Links for Feb 13 2011

  • Which is better, thought or action? by Laura Rose on UCSC Extension in Silicon Valley

    Quote: Everything begins with a thought. Without thought there is no action. The idea of the action normally occurs to you before you execute it. Then your action begets a result. And the result normally stimulates a new desire or thought. Without action, there is no “new thought”. We’ll acquire similar thoughts…because thinking does beget more thinking. But we would continue to think “the same”. It’s the action that brings exploration, growth, development to our circle.

  • What’s the use case? by Seth Godin

    Quote: The most effective way to sell the execution of an idea is to describe the use case first. And before you can do that, you need to have both the trust of your client and enough information to figure out what would delight them.

  • The hazards of binary thinking and poor scope definition by Jeffrey Phillips on Innovate on Purpose

    Quote: Far too frequently we find that our clients struggle to generate new ideas because their problem scope or problem definition is too narrow or too rigid. The scope then keeps the team cycling through the same issues and same ideas, and doesn’t allow any new thinking or ideas.

  • 2011: The Year Enterprise IT Finally Gets A Social Life by Tony Zingale on Business Insider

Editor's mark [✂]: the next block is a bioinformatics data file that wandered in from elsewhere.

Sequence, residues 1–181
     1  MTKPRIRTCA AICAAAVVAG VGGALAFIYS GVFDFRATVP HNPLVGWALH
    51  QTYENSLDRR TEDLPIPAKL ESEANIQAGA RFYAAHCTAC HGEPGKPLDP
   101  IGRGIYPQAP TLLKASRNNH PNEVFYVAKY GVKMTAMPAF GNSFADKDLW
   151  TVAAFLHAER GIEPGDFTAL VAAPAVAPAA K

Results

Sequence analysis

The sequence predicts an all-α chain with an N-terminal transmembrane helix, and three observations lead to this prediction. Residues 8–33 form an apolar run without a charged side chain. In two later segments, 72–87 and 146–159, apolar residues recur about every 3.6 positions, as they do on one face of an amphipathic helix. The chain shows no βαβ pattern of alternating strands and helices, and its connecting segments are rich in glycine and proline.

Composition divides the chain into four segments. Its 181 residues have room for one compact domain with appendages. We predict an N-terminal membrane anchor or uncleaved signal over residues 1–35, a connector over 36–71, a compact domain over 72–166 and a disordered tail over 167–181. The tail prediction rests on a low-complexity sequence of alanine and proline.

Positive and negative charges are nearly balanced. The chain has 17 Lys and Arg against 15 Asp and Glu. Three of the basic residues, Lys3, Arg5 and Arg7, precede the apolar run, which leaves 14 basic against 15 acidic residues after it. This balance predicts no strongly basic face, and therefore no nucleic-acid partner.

Quote: Why do I think Social Business will flip the switch and go mainstream in 2011? Early adopters of Social Business are reporting real ROI on their investments. That’s no surprise considering social media and social technologies have saturated the consumer space.

  • A Super Bowl Servant Leader by Scott Eblin on the Next Level Blog

    Quote: “I don’t think about the things I have to do, I think about the things I can do to make my men successful.” There’s a lot of other things that one could say about servant leadership, but if you’re looking for a brief definition of how it works, I don’t think you can do much better than what Tomlin said. Does servant leadership guarantee you win every game? No, of course not. Does it make a positive difference? I think it does.

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